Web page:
Beulah is a small town in the southern Mallee region of Victoria, some 395 km north-west of Melbourne. According to O’Callaghan (1918: 29), the placename is derived from the Biblical Beulah from Isaiah 62, 4. ‘Thou shalt no more be termed Forsaken, neither shall thy land any more be termed Desolate, but thou shall be called Hephzi-bah and thy land Beulah, for the Lord delighteth in thee, and thy land shall be married’ (Martin 1944: 14). Massola (1968) does not assert that Beulah is an Aboriginal placename. According to L. Blake (1977: 39f), ‘various meanings such as Abor. Belar, red ochre; Biblical, fruitful land; and Eng. Names, e.g. B. Spa in Norwood, have been given but first selector Alex McKenzie from Beauly, Scot’. Les Blake is the only source for the dissonant etymology, and it may be disregarded as mere speculation on his part.
According to Massola (1968: 11), the name means ‘ashes’. This translation was first published by District Surveyor Philip Chauncy (in Smyth 1878 Vol. 2: 204) from information he obtained in 1862–66, from Aboriginal people at Swanwater near St Arnaud. This translation is confirmed by Barry Blake (in Clark and Heydon 2002). However, according to Les Blake (1977: 44), it derives from the German city Bonn on the Rhine River in what is now the state of North Rhine-Westphalia. Les Blake is the only source for the dissonant etymology, and the problems with his interpretations have already been discussed.
Buchan is the name of a village, river and tourist cave in Gippsland. Howitt (1904: 80) observed that Bukkan-munji is ‘now written Buchan, and is supposed to be a Scotch name given by some early settler from North Britain. It should properly be spelled as I have written it, being the native name for the bag in which the Kurnai carries various articles. Bukkan-munji means “bag there” or “the place of the bag”’. George Augustus Robinson (Jnl 22/6/1844 in Clark 2000a) has suggested another etymology a propos another placename similar to Bukkan-munji: ‘Fish are called munje, hence the compound Munberlemunje and so on’. William Thomas (in Pepper and De Araugo 1985: 120) considered it derived from Buccan ‘stack of rocks with a hole in it’. This rendition is supported by Roberts (1977: 14) who locates Bukkan munji at the Buchan River and Tarra Creek junction where the rock folds. Saxton (1907: 13) in one entry asserts it has its origin in Scotland, however in ‘Additions and Corrections’ he notes ‘Native name for the bag in which the Kurnai carries various articles. Buk Kan Mungi means “bag there” or the place of the bag. The Native Tribes of S.E. Australia, A.W. Howitt, 1904. Instead of Scotland’ (Saxton 1907: 3). Martin (1944: 18) has recorded that ‘Buk kan, natives’ word for a bag they carried. Buk Kan Mungi was said to mean ‘place of the bag’. According to Massola (1968: 14), Buchan is derived from ‘Bukkan-munji, bag there, the place of the bag’. Blake (1977: 49) notes that in 1839 it was the name of Bayliss’ station derived from buchan buchan, smoke-signal expert, or bukkan munjie, place of grass bag. Seddon (1994: 62) accords the meaning ‘women’s article’. The Buchan Sesquicentenary Committee (1989) translates mungie as water. Clark (1999) notes that bukin; bugin in Wiradjuri also refers to a medicine man of supernatural ability. Gardner (1992: 17) translates Bukkanmungie as ‘place of the woman’s bag’. This placename may be an example of polysemy, a toponym with multiple etymologies that was deliberately selected because of its polysemy.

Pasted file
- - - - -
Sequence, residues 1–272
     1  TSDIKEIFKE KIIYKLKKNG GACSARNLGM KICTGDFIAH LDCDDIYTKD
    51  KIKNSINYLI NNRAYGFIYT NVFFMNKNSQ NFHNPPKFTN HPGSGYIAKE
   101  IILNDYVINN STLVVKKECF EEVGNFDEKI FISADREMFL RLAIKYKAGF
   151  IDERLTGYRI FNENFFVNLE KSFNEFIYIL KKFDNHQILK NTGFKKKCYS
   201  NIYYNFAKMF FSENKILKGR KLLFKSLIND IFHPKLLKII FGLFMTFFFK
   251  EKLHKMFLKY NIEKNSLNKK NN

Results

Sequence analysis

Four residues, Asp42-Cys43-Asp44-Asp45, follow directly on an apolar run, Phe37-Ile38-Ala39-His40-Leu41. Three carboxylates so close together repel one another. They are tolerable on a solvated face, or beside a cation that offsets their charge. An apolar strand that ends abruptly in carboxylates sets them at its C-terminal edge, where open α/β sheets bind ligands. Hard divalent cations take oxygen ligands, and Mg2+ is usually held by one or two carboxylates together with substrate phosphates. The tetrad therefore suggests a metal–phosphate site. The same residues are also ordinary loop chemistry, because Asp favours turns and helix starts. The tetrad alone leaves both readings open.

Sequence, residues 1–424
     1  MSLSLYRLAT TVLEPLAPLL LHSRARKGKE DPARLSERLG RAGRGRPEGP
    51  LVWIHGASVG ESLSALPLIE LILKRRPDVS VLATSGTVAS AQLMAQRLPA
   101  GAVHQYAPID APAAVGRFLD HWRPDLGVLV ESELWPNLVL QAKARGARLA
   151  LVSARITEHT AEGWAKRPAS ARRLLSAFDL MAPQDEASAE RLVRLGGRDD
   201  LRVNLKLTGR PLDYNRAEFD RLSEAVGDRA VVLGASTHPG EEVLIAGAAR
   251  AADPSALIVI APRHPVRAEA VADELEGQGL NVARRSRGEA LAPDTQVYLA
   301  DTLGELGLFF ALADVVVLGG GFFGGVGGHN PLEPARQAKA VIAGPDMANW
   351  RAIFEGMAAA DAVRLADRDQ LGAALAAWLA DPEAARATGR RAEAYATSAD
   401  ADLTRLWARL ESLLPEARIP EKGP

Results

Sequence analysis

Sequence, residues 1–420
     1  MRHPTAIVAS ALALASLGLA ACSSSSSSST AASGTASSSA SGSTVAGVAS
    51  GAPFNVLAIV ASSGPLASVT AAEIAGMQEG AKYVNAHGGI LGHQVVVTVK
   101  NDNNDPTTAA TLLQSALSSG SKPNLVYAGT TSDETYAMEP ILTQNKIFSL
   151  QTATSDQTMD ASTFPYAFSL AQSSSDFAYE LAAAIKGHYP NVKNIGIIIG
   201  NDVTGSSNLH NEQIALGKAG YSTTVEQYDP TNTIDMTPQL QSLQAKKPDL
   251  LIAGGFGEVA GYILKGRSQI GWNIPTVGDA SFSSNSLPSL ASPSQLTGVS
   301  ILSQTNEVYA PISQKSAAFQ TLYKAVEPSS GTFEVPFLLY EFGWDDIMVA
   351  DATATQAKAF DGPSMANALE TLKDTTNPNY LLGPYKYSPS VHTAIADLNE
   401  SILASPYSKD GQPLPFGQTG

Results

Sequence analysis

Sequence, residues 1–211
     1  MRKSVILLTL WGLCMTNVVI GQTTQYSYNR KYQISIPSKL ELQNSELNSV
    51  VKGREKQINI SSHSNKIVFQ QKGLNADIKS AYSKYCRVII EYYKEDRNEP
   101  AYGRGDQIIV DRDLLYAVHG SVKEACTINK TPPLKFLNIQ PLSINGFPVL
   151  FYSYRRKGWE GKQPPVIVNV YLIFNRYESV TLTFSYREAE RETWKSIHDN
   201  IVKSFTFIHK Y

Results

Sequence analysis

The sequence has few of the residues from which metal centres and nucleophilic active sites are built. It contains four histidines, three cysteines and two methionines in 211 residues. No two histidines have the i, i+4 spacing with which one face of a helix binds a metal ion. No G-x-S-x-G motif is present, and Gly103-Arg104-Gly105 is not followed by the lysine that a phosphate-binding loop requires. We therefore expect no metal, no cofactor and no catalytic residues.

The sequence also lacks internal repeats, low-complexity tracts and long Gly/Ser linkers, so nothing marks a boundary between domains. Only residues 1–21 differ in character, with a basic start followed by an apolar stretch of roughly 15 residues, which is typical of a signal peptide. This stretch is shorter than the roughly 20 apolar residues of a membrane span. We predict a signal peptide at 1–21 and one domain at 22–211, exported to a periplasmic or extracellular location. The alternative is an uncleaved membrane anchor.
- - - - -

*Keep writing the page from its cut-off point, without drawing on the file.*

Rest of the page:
9. Mount Buller
According to Saxton (1907: 13) named ‘After Charles Buller of the Colonial Office’. According to Martin (1944: 18), ‘christened by Mitchell, 1835, after an official in the Colonial Office. Natives knew it as Marrang’. Smyth (1878 Vol. 2: 196) lists Marrang as the Aboriginal name for Mount Buller. Massola (1968: 14) confirmed that Marrang meant ‘the hand’, or ‘an edible root’. Presumably he is referring to the eastern Kulin marnang or marnong = hand (Blake 1991: 8), and murnong the eastern Kulin word for the daisy yam Microseris lanceolata (Gott and Conran 1991: 6). Blake (1977: 182) posits the Aboriginal name is ‘Bulla Bulla, i.e. two’. However, Blake (1991: 96) has given bulabil or bindjirri as the eastern Kulin word for two. Robinson (Jnl 11/5/1840 in Clark 2000a) provides the name Marinebut (sometimes transcribed as Warinbut), as the Daungwurrung name for Mount Buller, although Smyth (1878 Vol. 2: 196) lists Warrambat as the Aboriginal names for Mount Timbertop and Mount Terrible. Presumably Marine and Marrang are cognate. Robinson (1844 in Clark 2000b: 201), notes that buller is the Dhudhuroa word for mountain; however Clark and Heydon (2002) acknowledge that the similarity with Mount Buller may be purely coincidental. Sinnott has the following entry: